Some professors not only have erroneous knowledge of their own subjects but also feel obligated to preach about that which they do not know.
During a cyber correspondence on capital punishment, Sister Elizabeth Linehan, Ph.D., the professor of the graduate Criminal Justice Ethics course I was taking at Saint Joseph’s University in Philadelphia, claimed that executive clemency “is so politically unpopular that it is almost never used today.”
Dr. Linehan was no ordinary professor. Not only was she a religious, she was also the chair of the philosophy department at Saint Joseph’s.
Despite these impressive credentials, her research was lacking. An American Bar Association study
of the political consequences of granting clemency to murderers concluded, “Governors who have made the decision to grant clemency have not suffered politically…. Of the 15 governors who granted clemency since 1993, only one was defeated for re-election (James) while three were re-elected or elected to higher office…. granting clemency does not result in low approval ratings or threaten success in a future election, since nearly all governors who granted clemency received high approval ratings or were re-elected if they sought re-election or higher office” [emphasis in original]. 1
Harvard Law Professor James Cavallaro signed a letter urging that President George W. Bush be impeached because of the Iraqi prison scandal. When Sean Hannity interviewed Professor Cavallaro, he asked him who his favorite president was. Cavallaro replied FDR.
Hannity then asked how Prof. Cavallaro’s favorite president could be a chief executive who was directly responsible for interning Japanese citizens. Was that internment not impeachable? The professor replied that it was. Yet, despite the fact that Prof. Cavallaro believes FDR should have been impeached, he considers him his favorite president.
Perhaps impeachability is how Prof. Cavallaro rates his presidents. Maybe he likes President Bush because he thinks Bush is impeachable. Of course, this would mean that Prof. Cavallaro absolutely worships Bill Clinton.
The Case of the Historically Challenged Historian
Columbia History Professor Robert Jackson once emailed me that in 1941 Hawaii was not United States soil.
Dr. Jackson and I were corresponding via email about the issue of Japanese internment. Specifically, we were discussing his commentary for The History Channel’s Movies in Time show. This is a program where historians or experts on a certain event analyze the accuracy of a movie about that event.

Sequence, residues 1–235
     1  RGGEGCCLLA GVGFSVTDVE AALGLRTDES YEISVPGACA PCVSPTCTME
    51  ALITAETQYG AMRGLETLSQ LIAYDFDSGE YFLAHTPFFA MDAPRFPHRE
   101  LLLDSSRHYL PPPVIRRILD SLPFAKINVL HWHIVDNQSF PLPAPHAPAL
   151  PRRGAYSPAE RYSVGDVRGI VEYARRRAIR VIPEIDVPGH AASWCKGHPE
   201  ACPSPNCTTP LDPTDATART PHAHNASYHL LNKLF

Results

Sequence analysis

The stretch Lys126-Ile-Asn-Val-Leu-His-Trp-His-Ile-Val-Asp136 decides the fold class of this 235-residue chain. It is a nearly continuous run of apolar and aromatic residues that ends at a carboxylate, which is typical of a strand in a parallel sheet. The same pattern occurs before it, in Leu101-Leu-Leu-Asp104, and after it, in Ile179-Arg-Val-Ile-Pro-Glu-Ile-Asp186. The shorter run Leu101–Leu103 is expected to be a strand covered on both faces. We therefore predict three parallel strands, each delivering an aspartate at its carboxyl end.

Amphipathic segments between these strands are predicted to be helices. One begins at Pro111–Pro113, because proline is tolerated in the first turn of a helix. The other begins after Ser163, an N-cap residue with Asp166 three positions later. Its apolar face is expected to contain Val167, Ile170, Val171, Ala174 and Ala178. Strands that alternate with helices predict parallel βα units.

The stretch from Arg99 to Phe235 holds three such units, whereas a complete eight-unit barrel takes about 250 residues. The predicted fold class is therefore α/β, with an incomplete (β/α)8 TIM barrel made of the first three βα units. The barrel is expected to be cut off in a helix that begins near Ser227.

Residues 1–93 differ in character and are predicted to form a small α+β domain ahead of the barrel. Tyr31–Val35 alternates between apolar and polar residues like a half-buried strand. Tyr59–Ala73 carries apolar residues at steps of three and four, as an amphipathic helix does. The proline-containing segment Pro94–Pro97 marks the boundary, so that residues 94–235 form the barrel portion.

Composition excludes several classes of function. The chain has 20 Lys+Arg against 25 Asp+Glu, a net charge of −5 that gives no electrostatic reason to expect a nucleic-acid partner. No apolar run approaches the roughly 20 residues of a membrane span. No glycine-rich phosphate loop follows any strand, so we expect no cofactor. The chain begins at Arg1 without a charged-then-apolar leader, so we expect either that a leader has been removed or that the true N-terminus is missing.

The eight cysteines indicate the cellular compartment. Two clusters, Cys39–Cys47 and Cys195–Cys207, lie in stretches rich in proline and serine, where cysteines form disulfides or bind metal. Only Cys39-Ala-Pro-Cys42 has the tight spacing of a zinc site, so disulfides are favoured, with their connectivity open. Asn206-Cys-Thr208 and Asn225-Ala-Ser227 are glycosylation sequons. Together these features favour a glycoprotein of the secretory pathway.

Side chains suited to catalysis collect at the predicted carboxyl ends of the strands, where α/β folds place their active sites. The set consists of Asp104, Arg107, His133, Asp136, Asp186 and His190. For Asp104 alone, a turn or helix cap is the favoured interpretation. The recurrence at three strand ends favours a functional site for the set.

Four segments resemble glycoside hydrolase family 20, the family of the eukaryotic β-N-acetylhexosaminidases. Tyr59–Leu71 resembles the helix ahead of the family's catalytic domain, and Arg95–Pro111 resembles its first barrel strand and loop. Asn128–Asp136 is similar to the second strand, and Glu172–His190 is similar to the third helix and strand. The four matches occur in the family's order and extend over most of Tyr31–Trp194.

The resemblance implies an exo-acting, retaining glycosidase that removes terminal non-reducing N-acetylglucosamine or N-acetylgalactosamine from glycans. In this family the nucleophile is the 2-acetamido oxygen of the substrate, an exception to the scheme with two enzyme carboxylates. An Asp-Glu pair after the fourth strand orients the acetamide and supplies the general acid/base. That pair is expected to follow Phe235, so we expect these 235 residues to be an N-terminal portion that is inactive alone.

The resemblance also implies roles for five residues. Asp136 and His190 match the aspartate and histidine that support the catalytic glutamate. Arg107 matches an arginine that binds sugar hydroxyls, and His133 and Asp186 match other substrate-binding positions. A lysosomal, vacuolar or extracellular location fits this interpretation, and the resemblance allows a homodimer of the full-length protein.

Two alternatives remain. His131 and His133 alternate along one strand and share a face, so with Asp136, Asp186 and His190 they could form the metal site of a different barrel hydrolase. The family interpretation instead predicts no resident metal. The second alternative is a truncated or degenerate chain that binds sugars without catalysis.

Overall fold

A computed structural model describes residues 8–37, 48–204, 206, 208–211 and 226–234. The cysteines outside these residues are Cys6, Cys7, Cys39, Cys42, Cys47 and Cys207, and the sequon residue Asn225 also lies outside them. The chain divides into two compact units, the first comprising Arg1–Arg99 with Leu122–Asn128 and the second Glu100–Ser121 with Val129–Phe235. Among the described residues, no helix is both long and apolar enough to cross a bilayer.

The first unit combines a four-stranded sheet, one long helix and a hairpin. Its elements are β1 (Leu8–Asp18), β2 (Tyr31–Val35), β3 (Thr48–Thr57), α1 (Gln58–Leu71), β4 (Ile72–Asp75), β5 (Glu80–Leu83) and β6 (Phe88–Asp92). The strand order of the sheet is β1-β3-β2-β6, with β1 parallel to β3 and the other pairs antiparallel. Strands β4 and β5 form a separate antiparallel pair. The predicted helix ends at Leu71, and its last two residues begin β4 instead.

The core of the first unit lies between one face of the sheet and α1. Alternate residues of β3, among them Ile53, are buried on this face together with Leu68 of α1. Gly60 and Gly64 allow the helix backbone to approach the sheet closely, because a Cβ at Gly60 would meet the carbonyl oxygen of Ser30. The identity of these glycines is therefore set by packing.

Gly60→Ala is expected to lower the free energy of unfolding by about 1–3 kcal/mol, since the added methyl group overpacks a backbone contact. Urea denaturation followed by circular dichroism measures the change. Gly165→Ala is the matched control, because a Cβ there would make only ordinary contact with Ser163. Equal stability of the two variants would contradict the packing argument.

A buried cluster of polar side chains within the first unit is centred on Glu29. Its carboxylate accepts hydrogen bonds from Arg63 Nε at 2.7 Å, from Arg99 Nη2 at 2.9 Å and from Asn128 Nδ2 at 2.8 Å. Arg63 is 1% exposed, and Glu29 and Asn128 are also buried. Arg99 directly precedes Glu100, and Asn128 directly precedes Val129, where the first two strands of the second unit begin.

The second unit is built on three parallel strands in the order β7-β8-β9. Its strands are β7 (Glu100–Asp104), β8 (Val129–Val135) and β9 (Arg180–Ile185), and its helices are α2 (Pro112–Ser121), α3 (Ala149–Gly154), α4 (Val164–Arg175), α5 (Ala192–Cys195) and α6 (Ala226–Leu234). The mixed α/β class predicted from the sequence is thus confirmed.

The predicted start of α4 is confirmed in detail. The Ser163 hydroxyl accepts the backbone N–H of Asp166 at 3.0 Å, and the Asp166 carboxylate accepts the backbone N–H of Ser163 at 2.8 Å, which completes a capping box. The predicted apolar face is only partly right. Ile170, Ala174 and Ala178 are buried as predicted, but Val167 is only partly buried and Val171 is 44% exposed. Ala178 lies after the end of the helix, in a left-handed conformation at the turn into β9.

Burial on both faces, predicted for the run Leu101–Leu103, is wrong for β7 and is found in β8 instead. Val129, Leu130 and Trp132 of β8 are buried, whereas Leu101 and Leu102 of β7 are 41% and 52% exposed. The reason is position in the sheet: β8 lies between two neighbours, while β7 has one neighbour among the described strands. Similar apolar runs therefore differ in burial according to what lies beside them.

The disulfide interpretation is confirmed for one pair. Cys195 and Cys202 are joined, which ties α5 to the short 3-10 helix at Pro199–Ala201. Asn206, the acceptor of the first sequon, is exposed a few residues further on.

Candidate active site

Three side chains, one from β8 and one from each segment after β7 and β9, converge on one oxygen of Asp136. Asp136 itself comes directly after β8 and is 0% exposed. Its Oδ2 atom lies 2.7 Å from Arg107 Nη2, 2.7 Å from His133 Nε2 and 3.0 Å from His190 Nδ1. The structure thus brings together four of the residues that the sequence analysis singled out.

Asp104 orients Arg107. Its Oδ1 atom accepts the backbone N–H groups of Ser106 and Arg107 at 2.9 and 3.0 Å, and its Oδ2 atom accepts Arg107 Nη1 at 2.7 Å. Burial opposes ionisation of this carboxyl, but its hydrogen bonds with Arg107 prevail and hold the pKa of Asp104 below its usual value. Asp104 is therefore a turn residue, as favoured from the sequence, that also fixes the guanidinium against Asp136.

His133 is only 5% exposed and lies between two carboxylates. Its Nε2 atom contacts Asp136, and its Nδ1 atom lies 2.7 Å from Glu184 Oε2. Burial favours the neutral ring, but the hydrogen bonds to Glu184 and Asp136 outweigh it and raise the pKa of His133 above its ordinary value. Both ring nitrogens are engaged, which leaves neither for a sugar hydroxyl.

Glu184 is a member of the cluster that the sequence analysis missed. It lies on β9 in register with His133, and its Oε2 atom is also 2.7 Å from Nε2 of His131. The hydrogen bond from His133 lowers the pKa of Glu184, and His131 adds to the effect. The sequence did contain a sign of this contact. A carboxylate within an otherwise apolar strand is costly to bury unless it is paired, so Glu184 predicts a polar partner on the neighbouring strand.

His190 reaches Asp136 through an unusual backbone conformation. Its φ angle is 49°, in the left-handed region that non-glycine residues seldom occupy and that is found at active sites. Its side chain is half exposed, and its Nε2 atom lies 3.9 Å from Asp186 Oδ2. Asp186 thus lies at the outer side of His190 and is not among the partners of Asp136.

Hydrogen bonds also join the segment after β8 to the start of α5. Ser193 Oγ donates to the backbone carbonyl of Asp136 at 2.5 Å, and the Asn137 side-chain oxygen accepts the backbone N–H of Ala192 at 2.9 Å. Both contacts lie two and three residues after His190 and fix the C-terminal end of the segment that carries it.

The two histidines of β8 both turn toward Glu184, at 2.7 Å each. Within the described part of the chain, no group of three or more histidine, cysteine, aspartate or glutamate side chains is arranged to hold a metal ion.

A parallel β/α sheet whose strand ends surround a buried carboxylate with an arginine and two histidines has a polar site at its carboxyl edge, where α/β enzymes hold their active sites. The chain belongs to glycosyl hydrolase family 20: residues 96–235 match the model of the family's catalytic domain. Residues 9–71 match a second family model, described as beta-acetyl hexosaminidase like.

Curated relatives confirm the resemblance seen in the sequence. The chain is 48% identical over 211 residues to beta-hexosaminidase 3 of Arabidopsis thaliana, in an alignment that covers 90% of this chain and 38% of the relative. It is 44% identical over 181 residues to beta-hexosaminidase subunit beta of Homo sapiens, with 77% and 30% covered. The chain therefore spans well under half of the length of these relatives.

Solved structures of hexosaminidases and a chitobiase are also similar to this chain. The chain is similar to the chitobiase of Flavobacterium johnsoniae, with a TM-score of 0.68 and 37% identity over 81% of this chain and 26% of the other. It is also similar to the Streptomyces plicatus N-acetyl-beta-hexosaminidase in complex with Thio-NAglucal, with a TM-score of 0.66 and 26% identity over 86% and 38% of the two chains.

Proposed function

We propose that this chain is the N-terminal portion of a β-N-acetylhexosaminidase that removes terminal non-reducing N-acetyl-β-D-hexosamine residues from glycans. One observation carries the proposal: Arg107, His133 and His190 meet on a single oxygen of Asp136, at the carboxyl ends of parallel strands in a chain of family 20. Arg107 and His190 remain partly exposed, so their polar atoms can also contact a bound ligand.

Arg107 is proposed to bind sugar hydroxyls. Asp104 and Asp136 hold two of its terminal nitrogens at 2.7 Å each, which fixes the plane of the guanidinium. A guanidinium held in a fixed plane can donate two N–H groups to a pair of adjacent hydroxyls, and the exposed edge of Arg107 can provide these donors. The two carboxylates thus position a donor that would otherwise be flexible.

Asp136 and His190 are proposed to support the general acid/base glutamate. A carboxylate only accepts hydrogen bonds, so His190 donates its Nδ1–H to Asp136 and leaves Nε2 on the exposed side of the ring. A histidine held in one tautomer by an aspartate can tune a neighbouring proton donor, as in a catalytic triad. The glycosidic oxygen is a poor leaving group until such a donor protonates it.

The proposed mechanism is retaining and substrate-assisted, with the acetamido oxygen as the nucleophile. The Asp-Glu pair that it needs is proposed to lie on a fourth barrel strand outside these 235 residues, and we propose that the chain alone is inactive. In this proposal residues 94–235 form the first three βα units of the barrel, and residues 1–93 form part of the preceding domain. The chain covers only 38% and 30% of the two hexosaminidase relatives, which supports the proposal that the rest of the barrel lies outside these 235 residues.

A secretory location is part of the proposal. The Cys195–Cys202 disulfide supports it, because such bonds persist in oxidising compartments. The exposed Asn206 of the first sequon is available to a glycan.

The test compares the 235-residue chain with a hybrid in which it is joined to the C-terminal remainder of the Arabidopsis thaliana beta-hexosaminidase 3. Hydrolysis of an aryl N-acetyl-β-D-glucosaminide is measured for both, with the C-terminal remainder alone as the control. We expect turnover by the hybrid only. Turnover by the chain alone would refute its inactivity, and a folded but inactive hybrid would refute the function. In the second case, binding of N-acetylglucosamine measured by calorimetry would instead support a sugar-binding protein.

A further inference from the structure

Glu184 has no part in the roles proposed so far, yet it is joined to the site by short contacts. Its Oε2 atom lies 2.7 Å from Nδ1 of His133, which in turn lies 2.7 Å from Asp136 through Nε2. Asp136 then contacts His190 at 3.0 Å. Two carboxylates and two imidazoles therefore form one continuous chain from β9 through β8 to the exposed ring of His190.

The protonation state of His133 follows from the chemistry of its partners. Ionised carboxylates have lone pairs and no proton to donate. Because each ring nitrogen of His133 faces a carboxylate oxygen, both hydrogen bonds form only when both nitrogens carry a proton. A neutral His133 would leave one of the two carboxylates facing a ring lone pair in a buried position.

Dr. Jackson was analyzing the film From Hell to Eternity, a movie about Guy Gabaldon, a Japanese-speaking, Hispanic-American Marine whose fluency was invaluable to the Marines during the Pacific campaign. Gabaldon lived with a Japanese family in Los Angeles after he was orphaned as a youth. Just after Pearl Harbor, his family was interned. Dr. Jackson remarked that the internment of Japanese citizens during World War II was racist.
After the program I emailed him that I did not think it was racist. I felt that since people at the time believed that the Japanese were going to invade the West Coast, they panicked.
Dr. Jackson compared the internment of the Japanese to the treatment of the Germans and Italians, who he said were not interned, suggesting that this was only because of racism.
I reminded Dr. Jackson that Germans and Italians were in fact interned, despite the fact that neither Germany nor Italy invaded American soil, as was done by the Japanese at Pearl Harbor.
Dr. Jackson then made the incredible statement that Pearl Harbor was not American soil—remember, this is the chairman of the history department at one of the most prestigious institutions in the United States.
Academics are people society pays to think and to teach. Given that the cost of education routinely outpaces inflation, it is important that we ensure that these people are intelligent and informed. How can they solve problems and educate people if they are incompetent fools?
I believe parents need to know what they are getting—or rather not getting—for their tuition dollars. Since parents are ultimately financing these institutions, they need to demand investigations into the sort of outrageous behavior I’ve shown here.
Politicians are all too anxious to complain about the price of oil. Then they complain about the cost of health care.
Maybe they should start complaining about educational price increases. Maybe they should also start an investigation to determine whether we are getting our money’s worth.
A Philadelphia police force veteran, Mr. Tremoglie recently served as vice president of the Pennsylvania Association of Scholars.